Evanston/Skokie School Board member Joey Hailpern would like the district to opt out of building lockdown drills.
Hailpern told the District 65 board earlier this week that “school shootings should not be normalized like fire drills,” and children should not be practicing such lockdowns “like we expect … [shootings] to happen.”
Doing such drills, Hailpern said, creates the feeling that something “is going to go on today.”
Hailpern is not opposed to many new safety measures, such as the building concierges District 65 plans to hire. Those individuals, one in each school, will monitor building access and watch for trouble. He also said the district’s “Hall Pass” system is a “no-brainer,” because it helps keep track of who is inside a school.
But he also said there is a potential problem with too much new technology, such as a proposed “panic/lockdown button” which teachers could wear.
“We don’t need a system like that,” Hailpern said. There is already a four-digit code which teachers can put into their phones to make a schoolwide announcement. However, Hailpern said many teachers are not even aware of that.
“We need to train people about the four-digit code. We just don’t tell them” now, he added.
The possibility of a “panic/lockdown” button was then removed from the new District 65 safety plan.
The veteran school board member said personal intervention and counseling for troubled youngsters is the best way to head off school incidents before they happen.
“The people who end up doing this wouldn’t be caught by any of the systems we have,” he added.
Hailpern also said that he will draft a resolution for the Illinois State Board of Education, which would stop requiring lockdown drills for schools which have “endured shooting incidents.”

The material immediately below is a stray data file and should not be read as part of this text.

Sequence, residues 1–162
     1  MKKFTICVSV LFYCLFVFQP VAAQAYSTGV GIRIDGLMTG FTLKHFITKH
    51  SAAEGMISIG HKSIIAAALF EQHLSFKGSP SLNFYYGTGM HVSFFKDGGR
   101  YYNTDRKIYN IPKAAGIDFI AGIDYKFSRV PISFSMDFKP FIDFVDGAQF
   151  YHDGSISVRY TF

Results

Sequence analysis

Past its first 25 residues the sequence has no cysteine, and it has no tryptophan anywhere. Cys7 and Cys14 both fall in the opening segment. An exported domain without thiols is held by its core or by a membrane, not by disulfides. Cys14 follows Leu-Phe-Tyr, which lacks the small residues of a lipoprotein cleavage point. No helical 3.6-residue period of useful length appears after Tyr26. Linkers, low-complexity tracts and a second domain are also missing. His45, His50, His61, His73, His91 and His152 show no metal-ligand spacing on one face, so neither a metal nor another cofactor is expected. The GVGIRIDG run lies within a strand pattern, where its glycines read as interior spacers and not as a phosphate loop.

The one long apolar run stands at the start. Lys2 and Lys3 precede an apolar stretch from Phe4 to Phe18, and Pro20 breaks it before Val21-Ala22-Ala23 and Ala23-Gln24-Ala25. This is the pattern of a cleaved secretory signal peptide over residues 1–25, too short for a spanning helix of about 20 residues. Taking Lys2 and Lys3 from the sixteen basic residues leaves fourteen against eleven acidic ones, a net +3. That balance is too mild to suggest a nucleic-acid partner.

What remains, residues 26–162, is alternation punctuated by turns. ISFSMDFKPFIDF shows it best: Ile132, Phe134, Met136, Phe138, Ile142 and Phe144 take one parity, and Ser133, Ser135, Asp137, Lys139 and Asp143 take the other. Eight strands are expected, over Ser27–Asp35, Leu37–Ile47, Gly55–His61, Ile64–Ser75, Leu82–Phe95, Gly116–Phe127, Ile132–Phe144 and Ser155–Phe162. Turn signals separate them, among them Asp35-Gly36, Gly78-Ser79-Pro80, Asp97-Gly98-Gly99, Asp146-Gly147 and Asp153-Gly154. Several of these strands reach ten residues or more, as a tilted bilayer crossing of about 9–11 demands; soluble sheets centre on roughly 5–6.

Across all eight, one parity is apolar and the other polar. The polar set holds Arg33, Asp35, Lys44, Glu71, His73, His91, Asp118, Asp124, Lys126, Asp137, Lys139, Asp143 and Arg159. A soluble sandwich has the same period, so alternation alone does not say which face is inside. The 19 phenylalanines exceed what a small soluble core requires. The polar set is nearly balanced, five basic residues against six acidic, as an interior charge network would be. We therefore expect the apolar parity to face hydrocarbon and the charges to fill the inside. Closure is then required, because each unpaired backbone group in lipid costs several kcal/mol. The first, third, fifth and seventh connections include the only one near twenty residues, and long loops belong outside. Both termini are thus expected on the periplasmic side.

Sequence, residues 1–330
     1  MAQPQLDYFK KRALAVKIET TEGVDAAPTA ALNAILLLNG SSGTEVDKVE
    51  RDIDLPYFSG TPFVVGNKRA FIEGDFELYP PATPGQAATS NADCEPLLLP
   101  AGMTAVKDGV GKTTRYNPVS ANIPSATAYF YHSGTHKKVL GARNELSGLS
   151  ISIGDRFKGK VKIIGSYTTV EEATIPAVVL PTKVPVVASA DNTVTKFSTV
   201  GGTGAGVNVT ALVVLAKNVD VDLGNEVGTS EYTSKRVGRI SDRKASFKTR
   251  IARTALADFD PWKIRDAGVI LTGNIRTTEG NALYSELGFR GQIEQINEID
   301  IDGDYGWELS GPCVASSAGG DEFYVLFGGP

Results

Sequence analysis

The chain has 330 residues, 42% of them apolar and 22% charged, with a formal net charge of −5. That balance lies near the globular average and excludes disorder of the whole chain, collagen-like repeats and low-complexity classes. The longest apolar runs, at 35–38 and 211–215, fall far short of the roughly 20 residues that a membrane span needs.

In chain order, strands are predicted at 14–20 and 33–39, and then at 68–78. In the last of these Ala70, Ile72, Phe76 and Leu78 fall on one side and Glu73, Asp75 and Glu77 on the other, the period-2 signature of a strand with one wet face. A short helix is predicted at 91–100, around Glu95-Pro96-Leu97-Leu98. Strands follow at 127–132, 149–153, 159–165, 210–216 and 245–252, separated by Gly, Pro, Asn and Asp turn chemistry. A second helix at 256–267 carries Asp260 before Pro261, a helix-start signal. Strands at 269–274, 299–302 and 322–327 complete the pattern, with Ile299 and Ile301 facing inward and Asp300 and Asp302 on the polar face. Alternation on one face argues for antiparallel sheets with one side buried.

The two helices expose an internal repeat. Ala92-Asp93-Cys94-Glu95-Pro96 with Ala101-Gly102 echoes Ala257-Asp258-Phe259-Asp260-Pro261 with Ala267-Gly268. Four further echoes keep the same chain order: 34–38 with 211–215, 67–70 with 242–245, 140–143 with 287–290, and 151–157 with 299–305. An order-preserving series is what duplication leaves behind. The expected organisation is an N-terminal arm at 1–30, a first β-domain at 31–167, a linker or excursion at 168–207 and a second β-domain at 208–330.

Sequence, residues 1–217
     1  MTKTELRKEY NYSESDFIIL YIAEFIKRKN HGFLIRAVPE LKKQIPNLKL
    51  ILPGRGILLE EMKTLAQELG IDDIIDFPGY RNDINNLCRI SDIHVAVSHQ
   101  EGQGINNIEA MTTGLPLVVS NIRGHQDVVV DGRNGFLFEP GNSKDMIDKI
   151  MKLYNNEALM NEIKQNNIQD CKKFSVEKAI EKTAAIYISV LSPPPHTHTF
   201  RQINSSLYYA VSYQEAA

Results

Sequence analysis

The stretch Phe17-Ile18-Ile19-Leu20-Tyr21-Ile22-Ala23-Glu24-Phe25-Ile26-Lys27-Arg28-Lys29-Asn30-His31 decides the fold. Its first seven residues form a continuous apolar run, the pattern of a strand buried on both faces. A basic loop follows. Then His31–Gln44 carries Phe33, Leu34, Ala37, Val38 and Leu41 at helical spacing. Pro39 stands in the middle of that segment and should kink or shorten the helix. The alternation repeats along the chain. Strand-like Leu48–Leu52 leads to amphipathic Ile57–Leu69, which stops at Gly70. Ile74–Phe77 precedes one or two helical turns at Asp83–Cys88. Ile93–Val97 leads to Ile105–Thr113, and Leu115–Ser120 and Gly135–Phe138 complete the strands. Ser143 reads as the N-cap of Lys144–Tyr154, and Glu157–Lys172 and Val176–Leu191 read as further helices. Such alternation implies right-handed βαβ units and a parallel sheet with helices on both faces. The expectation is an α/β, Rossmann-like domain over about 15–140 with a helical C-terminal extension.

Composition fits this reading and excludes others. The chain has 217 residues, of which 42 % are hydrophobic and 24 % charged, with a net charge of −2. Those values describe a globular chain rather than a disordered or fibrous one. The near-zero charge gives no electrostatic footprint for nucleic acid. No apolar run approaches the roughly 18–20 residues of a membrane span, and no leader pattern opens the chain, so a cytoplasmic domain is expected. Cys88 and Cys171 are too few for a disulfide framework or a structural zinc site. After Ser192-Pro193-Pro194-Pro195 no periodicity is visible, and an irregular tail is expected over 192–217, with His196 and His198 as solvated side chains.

Hailpern noted the recent 4th of July parade shooting in Highland Park community where seven people were killed by a lone gunman.
“We don’t even know the trauma we would inflict to have another drill” in that district, he noted.
And while the shooting was not in Evanston, Hailpern said many Evanstonians have friends or family in Highland Park. One person with such links is Joey Hailpern himself, who used to be a Highland Park school principal, and knows the district well.
District 65 Superintendent Devon Horton said he sympathized with Hailpern’s concerns over lockdown drills, but said there is no choice. It’s the law.
But Hailpern said it would be worth it to skip the drills, law or not.
“What’s the worst thing which could happen?,” he asked. “Getting written up” to a state school adminstrator?
“We have to do what’s best for the kids and families,”Hailpern said, and not having lockdown drills, he indicated, is one way to live up to that best.
But there’s a question if District 65 unilaterally decided not to have a state-required drill, and then some sort of incident happened.
That could, at least in theory, possibly leave the school system open to lawsuits, whether the drill would have helped or not.